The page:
- Include personal details such as your marital and visa status in your application. Also be prepared to be asked personal questions such as whether you have children or your gender. While some countries discourage these kinds of personal questions, they are common in Switzerland.
- Submit your resume and application letter in the language that the job is advertised in. If in doubt, or you are proactively contacting employers, submit your information in English in the first instance.
- Have your foreign education qualifications recognized in Switzerland using enic-naric.net. Bear in mind that 12 years of primary and secondary education is considered mandatory in Switzerland.
- Share which languages you speak. Speaking the national language for the region in which the job is located and/or English is usually a minimum requirement. Swiss companies tend to value multilingualism, and proficiency in Russian and Mandarin are also considered attractive skills.
- Be prepared for multiple interview rounds. It is not unusual for Swiss companies to administer aptitude tests while selecting candidates, and to schedule telephone or video interviews before proceeding to in-person interviews. It is also not uncommon for Swiss interviewers to deliberately create tense situations during the interview to see how you handle yourself under stress.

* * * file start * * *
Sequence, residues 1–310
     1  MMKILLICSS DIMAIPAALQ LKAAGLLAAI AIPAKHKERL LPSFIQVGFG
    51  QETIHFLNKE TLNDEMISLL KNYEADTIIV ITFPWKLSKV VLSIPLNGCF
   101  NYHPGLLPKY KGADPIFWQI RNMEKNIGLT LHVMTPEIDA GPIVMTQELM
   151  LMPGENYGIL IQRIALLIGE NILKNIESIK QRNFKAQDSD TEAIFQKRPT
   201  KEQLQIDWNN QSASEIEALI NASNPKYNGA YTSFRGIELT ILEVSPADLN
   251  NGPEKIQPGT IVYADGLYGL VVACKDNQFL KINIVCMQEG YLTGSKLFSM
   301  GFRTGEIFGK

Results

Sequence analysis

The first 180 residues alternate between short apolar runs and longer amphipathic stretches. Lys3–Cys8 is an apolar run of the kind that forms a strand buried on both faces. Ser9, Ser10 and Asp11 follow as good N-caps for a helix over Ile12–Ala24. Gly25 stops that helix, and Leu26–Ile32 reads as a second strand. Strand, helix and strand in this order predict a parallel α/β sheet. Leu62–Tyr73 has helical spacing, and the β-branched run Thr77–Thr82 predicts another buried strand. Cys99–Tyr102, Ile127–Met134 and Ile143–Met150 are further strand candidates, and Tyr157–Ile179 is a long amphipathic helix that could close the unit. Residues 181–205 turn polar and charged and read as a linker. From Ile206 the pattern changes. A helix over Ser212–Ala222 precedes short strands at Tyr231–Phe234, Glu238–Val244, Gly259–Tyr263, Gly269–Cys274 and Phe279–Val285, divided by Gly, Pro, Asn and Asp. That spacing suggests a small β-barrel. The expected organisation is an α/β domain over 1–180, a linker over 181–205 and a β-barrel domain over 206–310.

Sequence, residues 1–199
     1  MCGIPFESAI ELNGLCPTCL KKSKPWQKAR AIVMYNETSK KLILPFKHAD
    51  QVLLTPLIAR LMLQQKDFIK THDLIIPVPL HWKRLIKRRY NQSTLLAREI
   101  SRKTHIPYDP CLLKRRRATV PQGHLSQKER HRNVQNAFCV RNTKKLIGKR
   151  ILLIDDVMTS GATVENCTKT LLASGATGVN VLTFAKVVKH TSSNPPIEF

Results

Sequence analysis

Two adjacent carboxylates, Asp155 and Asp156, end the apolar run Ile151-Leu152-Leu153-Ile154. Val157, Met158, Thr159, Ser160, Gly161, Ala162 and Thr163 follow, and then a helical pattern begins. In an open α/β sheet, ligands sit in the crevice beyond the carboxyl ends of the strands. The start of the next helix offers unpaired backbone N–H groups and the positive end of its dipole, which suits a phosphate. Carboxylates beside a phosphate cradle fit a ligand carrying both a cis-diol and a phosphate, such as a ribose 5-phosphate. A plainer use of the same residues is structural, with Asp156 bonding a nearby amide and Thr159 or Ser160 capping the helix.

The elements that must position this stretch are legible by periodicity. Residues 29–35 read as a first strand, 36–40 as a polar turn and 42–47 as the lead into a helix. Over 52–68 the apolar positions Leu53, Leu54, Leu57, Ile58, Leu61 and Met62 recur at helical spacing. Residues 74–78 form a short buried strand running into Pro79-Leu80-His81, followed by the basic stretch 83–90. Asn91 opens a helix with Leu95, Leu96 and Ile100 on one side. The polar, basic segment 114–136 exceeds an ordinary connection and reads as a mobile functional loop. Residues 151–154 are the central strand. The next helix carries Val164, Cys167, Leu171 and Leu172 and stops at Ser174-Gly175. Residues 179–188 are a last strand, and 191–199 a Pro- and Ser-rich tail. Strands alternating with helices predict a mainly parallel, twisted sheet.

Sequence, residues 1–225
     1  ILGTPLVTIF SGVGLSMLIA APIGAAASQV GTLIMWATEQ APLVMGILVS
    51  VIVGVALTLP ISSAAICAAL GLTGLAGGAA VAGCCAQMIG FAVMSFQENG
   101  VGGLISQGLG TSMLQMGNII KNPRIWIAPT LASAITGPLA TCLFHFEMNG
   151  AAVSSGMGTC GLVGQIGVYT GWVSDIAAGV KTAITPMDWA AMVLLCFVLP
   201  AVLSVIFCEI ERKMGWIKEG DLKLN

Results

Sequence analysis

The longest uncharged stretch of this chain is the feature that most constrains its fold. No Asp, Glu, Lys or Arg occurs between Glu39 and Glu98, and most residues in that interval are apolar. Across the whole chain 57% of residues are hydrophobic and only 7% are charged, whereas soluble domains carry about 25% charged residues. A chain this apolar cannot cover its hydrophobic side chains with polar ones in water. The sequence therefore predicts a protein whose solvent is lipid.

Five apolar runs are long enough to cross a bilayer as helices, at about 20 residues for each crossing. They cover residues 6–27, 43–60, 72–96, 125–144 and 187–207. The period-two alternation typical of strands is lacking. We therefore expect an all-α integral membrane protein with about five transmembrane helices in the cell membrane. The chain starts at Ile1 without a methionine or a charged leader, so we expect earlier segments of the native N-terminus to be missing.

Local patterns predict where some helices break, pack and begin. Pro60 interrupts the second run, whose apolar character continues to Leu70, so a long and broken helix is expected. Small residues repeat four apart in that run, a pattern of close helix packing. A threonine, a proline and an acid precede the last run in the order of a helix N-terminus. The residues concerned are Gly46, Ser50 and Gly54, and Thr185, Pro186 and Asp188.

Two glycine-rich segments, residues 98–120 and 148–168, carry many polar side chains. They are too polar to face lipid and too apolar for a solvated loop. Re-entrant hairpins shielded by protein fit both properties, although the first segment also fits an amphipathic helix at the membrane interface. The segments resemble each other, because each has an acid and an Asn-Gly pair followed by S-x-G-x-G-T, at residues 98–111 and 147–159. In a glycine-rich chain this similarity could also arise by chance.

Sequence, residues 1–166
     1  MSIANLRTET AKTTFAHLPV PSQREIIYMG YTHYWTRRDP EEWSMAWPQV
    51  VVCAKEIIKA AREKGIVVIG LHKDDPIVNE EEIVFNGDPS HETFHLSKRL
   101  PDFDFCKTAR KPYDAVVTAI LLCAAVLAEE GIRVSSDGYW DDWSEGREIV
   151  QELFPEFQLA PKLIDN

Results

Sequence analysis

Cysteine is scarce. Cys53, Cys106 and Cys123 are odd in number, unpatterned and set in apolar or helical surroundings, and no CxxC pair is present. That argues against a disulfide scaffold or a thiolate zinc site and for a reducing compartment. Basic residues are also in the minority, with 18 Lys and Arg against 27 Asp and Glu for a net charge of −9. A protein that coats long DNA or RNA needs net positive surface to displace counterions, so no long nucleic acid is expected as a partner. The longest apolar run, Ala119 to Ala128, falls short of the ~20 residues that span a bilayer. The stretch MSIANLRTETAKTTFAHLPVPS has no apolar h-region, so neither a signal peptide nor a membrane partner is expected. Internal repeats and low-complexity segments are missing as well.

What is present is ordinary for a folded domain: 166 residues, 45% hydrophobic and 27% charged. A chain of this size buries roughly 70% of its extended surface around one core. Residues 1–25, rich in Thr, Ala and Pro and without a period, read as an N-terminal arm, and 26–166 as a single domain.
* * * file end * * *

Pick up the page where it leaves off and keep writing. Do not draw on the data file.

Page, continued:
Know your strengths and the value that you can offer into a company before applying for a job and going into an interview so that you can confidently and honestly explain why you are the best fit for the role.
While Switzerland may have one of the more competitive job markets, the rewards are well worth effort. Swiss workers enjoy high salaries, excellent benefits, and a good work-life balance. The jobs on offer tend to be for highly skilled workers and highly rewarding.